FAIRFIELD — Nearly a decade ago, Barbara Wood was a cautionary tale at Mission Solano. Now – as the multimillion-dollar Fairfield homeless program celebrates its 15th anniversary – she is its poster child.
Wood is a recovering methamphetamine addict who began staying at Mission Solano’s nomadic shelters in 1999, when the organization was just a few months old.
For the next several years, she and her three daughters would spend the night at one of the churches that works with Mission Solano. She said she considered herself a “princess of Mission Solano” – a frequent visitor to the Community Outreach Center on Travis Boulevard – until she was booted out of the program in 2006 after lying about where she spent a weekend and failing a drug test.
“She just couldn’t get it,” said Raymond Courtemanche, the senior program officer for Mission Solano. “She made bad decisions and was battling addictions. We told her, ‘You can’t live that lifestyle here. When you’re ready, come back.’ ”
Wood hit bottom for several months – living behind a transformer near the Fairfield Civic Center Library while her daughters found other options.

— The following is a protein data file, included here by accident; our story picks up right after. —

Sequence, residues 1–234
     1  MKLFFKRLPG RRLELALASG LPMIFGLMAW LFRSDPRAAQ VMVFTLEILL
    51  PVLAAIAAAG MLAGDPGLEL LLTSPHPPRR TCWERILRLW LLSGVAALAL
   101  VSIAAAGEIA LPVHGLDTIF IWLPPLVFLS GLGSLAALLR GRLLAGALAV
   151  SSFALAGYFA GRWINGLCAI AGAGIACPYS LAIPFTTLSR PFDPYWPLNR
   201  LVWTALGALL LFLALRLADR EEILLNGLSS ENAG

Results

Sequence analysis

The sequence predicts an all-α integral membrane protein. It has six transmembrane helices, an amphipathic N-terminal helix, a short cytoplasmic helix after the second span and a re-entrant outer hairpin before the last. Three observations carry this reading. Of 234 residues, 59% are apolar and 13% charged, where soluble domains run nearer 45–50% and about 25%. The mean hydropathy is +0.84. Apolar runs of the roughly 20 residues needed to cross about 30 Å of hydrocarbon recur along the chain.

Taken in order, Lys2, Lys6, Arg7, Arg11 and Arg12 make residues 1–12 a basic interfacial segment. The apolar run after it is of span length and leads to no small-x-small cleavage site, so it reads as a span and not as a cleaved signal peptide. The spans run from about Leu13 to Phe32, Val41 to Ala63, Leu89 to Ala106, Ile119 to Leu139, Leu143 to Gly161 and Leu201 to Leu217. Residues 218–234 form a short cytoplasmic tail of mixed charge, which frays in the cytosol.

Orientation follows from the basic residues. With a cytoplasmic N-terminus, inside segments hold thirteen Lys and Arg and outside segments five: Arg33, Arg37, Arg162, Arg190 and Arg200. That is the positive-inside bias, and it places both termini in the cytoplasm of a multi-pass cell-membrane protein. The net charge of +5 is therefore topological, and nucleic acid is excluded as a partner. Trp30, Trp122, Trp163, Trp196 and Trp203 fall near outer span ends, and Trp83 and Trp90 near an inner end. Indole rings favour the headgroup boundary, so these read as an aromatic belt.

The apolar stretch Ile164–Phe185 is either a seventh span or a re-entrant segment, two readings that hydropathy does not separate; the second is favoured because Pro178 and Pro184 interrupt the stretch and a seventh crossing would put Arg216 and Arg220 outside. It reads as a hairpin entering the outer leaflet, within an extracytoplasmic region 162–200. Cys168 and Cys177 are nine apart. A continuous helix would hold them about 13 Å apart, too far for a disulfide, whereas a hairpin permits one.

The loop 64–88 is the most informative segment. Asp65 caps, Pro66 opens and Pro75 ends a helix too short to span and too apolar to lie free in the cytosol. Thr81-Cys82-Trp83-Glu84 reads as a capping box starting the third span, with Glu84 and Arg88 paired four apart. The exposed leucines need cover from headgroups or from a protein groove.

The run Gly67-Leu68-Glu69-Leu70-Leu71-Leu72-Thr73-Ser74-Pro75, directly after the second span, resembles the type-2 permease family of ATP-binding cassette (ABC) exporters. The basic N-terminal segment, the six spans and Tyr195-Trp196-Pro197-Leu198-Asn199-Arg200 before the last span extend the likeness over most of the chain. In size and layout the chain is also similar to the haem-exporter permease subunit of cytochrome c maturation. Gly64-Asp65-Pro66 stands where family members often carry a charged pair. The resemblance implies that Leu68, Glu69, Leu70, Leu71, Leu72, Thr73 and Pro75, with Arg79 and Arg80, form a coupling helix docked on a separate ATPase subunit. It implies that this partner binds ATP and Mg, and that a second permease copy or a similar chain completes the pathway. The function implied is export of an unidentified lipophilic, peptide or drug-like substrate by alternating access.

“That year was horrendous for me,” Wood said.
The next January, she learned her 16-year-old daughter was pregnant and made a decision: Her grandchild wouldn’t live through what her children endured. After clearing several hurdles, she met with Courtemanche and Kevin Miller, a former executive at the mission.
“I said if you’ll give me a chance, I’ll surrender to Jesus Christ,” Wood said.
That was June 15, 2007. She got back into Mission Solano’s pipeline and her granddaughter was born four months later – as Wood went through recovery, reunited with her husband and continued in the Mission Solano program.
Now? After two years as a full-time volunteer at Mission Solano, she became a shelter attendant, then case manager, now a supervisor at the four-year-old Bridge to Life Center. She’s a walking testimony to an institution that began as a bus-as-shelter program 15 years ago.
“It’s exciting to see her flip side,” Courtemanche said. “She’s with her husband, in their own place, she’s a grandma and she’s leading the women here.”
Wood considers herself blessed.
“It’s awesome,” Wood said. “Here I am. I walked the streets, I used drugs, I panhandled with my kids. That’s where I was . . . and Mission Solano saved my life. They gave my daughters a new outlook and restored my marriage.”
Reach Brad Stanhope at 427-6958 or firstname.lastname@example.org. Follow him on Twitter at www.twitter.com/bradstanhope.